According to the world health organisation suicides take a high toll. Over 800 000 people die due to suicide every year and it is the second leading cause of death in 15 to 29-year-olds. There are indications that for each adult who died of suicide there may have been more than 20 others attempting suicide. Suicide is the leading cause of death for Australians aged between 15 and 44. Men are four times more likely to die by suicide than women and ABS data (2012) shows more people die from suicide than road deaths. The fact remains that suicides are preventable.A suicidal person may not ask for help, but that doesn't mean that help isn't wanted. Most people who commit suicide don't want to die—they just want to stop hurting. Suicide prevention starts with recognising the warning signs and taking them seriously. If you think a friend or family member or a community member is considering suicide, you might be afraid to bring up the subject. But talking openly about suicidal thoughts and feelings can save a life. Everyone has a role to play in preventing suicide. Choices we make today can help prevent suicide. Trained counsellors within communities can pay critical role in suicide prevention. They can provide support to vulnerable individuals and engage in follow-up care, fight stigma and support those bereaved by suicide. Given the widespread stigma around suicide, most people who are contemplating suicide do not know who to speak to. Talking openly can give an individual other options or the time to rethink his/her decision, thereby preventing suicide. In the wake of a loved one's death by suicide, families often disintegrate, unable to deal with the intense grief and the difficult, painful, and often unanswerable question of "Why?" For every suicide, it is estimated that at least six persons are affected. These include family members, co-workers, neighbours, and close friends. Jigsaw Training Group's CEO Sally Healey said "Jigsaw is committed to creating suicide safe communities" by training new counsellors who can then go back into the community with a skill set that facilitates a proactive and caring approach for those in need. The need for access to counselling is high priority for individuals suffering anxiety, depression & difficulties with; coping emotionally, coping psychologically and lack of confidence/low self-esteem – which if left unaddressed, impacts directly on sustainable health and wellbeing. "We encourage our students who graduate to give at least one hour volunteer counselling per week to those who may be suffering. Mrs. Healey said" Jigsaw Training Group is currently providing counselling graduates the opportunity to be involved with aged care homes, community groups and schools. Little by little we can all play a part in addressing this major problem."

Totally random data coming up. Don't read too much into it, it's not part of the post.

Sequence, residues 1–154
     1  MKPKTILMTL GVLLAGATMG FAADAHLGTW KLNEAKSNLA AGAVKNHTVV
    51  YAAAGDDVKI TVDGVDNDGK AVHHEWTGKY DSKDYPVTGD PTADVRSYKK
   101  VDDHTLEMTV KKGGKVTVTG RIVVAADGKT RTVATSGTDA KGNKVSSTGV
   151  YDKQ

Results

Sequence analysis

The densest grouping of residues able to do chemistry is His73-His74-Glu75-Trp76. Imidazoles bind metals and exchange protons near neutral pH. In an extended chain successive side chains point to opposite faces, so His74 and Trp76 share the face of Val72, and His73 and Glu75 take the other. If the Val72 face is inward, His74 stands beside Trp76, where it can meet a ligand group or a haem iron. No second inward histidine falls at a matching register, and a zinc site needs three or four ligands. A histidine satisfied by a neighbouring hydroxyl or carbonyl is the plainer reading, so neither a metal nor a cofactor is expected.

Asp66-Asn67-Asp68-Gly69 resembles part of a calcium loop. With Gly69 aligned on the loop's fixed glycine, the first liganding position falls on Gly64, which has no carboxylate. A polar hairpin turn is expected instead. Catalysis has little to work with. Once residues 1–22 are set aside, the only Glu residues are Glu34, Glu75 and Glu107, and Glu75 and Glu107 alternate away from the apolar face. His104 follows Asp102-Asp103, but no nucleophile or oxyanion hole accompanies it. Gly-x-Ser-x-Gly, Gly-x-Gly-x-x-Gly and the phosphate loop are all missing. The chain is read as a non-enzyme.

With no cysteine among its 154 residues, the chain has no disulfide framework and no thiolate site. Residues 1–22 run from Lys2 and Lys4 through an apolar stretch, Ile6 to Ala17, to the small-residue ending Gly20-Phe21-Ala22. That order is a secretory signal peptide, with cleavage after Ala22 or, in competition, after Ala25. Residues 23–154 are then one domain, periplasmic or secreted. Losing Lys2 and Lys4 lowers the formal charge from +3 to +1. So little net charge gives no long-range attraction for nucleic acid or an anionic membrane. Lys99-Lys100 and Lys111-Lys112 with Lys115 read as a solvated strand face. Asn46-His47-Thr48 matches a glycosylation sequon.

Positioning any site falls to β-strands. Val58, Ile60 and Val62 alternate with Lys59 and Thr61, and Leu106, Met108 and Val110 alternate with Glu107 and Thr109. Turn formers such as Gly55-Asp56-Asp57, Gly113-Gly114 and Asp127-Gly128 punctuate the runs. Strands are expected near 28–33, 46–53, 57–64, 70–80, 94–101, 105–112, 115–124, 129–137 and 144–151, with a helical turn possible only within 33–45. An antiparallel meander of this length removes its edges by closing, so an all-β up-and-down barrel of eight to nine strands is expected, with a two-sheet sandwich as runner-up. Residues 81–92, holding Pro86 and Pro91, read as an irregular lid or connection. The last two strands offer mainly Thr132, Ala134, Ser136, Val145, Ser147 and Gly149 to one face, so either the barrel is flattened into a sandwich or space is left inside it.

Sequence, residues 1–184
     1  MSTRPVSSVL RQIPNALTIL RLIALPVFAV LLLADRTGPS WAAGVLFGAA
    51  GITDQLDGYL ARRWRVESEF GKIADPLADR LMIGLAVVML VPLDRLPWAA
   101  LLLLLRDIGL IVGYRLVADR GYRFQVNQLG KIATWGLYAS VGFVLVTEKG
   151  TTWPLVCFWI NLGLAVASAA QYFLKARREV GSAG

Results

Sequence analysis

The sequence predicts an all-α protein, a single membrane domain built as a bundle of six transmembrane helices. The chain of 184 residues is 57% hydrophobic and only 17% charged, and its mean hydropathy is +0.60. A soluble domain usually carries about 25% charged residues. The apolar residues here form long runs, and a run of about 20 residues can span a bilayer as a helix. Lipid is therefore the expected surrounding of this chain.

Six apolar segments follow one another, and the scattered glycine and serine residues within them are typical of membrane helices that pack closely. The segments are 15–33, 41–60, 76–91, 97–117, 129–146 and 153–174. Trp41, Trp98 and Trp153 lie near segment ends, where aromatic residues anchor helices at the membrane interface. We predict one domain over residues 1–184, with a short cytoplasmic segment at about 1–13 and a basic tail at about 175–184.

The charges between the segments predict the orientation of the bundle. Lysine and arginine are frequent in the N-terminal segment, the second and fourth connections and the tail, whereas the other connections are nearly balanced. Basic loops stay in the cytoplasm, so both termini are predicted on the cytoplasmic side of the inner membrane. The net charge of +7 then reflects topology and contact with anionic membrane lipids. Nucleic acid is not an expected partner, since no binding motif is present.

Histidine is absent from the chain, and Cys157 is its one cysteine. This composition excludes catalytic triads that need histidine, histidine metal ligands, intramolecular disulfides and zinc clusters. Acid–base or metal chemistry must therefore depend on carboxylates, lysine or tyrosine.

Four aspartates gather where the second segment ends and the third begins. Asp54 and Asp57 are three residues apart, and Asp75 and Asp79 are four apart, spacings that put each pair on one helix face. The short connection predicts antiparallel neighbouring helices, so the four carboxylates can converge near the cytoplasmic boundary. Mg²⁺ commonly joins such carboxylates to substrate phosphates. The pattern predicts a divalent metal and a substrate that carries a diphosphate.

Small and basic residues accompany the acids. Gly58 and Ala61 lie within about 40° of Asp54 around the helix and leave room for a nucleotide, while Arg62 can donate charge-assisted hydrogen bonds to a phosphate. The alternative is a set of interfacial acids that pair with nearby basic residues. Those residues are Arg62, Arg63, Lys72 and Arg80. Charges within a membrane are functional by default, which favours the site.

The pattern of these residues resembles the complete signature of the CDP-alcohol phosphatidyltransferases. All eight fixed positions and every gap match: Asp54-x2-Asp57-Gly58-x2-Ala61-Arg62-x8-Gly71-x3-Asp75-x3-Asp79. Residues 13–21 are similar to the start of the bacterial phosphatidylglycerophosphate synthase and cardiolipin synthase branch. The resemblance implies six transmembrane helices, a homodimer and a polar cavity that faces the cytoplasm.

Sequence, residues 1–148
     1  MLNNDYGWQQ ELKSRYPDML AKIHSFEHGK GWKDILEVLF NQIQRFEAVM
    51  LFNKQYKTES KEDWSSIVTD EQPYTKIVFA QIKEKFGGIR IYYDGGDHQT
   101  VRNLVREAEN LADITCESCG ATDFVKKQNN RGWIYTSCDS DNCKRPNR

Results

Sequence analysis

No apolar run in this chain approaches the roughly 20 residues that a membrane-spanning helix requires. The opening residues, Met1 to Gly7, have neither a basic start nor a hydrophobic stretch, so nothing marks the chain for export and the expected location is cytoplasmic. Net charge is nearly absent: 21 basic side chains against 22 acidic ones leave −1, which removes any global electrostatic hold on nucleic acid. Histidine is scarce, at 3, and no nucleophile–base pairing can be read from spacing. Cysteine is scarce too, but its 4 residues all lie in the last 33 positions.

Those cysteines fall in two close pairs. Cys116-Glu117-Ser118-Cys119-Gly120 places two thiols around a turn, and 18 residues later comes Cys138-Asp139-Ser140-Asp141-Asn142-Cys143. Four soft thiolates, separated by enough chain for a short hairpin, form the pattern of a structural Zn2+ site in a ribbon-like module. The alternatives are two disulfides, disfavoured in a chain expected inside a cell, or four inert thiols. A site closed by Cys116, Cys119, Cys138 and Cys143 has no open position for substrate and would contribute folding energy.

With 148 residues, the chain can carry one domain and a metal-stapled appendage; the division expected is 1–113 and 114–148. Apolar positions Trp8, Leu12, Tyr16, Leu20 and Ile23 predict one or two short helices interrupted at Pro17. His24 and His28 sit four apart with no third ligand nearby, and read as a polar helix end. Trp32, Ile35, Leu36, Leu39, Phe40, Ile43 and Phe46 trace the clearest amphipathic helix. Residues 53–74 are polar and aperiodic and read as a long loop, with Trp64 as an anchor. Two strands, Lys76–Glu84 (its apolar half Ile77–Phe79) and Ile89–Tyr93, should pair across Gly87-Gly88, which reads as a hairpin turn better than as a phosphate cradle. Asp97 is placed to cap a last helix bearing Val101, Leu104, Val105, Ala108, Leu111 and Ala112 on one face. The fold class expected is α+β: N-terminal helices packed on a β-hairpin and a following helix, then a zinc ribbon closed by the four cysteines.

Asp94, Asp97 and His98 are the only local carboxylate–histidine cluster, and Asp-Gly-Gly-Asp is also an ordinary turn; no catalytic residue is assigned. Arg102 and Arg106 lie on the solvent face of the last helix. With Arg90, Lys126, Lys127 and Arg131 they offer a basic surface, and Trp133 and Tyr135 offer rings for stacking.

- Written by Patrick Page
- Published: 28 Nov 2016